Certainly, patients themselves say something more profound than the placebo effect took place during spiritual healing. Dr Anil Wijetunge, a tutor at the North West London NHS Trust, became sick with bone marrow cancer in 2005, and received spiritual healing at UCH. He says: 'Something was going on with the energy. The healers know which part of me was suffering the most, like my right leg, during the treatment. I can't explain why that happened, but it did. Seeing these healers, who I hadn't met before, they took me somewhere else, out of that isolation room. And that's what I really needed.'
Angie would like to bring spiritual healing to other NHS cancer wards, as would other doctors at UCH. She says: 'Many hospitals would love to have these services, the problem is funding.' Angie set up a charity, the Sam Buxton Sunflower Healing Trust, which funds four spiritual healers at UCH. They have raised thousands of pounds through two 'Sunflower Jam' concerts in 2006 and 2007, where acts included Robert Plant, Paul Weller and Jon Lord of Deep Purple. The next jam is set to take place in London in September, with a re-formed Deep Purple headlining.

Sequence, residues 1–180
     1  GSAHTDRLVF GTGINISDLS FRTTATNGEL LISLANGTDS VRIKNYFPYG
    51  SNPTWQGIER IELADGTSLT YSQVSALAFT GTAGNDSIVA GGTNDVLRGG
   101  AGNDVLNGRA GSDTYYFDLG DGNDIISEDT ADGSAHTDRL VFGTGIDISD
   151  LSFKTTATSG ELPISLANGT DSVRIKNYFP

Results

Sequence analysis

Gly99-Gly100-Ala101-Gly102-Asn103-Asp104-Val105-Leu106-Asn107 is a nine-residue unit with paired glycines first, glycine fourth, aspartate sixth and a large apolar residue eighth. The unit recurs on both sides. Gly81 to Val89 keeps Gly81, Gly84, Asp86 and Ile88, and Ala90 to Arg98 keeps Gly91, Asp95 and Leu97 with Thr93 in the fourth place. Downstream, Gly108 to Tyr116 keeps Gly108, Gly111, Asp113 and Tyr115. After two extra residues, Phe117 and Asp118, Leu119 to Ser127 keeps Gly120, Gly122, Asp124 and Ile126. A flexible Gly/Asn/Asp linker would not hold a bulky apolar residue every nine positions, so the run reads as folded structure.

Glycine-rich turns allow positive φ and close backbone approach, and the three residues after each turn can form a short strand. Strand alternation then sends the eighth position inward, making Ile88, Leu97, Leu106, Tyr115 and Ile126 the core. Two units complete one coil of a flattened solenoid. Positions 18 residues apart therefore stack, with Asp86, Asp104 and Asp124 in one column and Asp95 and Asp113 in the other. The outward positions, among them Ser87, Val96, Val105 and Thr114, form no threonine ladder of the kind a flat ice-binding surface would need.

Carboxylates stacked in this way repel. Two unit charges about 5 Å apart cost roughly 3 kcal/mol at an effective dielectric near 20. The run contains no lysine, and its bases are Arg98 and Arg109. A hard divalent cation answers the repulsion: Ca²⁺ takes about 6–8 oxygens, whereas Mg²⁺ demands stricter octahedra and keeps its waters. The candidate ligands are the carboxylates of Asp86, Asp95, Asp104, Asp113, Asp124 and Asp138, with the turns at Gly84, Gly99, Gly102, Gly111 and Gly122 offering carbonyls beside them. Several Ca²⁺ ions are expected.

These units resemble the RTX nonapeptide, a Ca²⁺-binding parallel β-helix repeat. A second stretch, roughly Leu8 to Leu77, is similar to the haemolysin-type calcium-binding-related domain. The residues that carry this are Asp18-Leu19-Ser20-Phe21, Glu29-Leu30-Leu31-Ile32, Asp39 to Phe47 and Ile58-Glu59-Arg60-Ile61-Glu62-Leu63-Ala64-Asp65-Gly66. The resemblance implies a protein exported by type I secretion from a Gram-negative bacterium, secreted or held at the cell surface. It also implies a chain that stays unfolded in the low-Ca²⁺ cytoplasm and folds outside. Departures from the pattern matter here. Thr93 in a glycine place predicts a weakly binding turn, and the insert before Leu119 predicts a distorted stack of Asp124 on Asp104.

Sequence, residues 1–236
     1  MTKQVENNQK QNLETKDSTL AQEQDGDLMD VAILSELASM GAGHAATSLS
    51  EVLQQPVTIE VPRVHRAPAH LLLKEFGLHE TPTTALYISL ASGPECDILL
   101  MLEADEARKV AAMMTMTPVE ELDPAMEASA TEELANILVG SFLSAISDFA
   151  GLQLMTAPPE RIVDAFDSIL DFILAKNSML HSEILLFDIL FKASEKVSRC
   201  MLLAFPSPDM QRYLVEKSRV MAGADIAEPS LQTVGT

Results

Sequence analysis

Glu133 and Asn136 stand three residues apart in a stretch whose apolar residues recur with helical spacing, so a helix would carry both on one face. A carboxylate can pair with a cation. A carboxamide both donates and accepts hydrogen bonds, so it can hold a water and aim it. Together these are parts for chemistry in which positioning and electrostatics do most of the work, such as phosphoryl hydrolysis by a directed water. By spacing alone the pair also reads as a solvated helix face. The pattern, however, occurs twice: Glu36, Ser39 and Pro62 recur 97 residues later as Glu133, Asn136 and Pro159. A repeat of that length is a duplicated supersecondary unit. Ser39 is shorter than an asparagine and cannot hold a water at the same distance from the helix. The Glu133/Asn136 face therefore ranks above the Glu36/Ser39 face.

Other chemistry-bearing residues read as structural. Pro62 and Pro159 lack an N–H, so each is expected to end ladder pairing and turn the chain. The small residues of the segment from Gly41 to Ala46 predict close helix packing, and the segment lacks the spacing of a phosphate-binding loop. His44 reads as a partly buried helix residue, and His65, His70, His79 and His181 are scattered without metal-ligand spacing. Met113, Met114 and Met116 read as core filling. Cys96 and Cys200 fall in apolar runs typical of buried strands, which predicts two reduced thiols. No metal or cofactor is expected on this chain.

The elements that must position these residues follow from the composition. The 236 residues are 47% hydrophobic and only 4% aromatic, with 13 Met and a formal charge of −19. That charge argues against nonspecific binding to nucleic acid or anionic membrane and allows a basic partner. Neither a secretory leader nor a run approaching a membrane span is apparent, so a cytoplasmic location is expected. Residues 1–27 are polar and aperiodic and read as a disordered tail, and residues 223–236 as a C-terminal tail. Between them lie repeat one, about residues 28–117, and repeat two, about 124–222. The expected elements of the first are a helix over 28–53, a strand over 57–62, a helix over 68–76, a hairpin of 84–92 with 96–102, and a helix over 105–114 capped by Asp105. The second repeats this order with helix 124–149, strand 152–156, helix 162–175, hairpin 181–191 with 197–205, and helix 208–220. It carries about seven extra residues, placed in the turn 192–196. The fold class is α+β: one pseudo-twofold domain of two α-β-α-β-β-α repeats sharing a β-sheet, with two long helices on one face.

But could the NHS provide more support for spiritual healing? Baroness Finlay, a professor of palliative medicine at Cardiff University School of Medicine, says: “The NHS needs to think carefully about how to allocate its scarce resources. It's not enough to say spiritual healing makes patients feel better. Having a hair-cut might make them feel better as well, that doesn't mean the NHS should provide it. We haven’t yet seen any studies that have demonstrated that it works. If you expect the NHS to pay for it, you need the evidence.”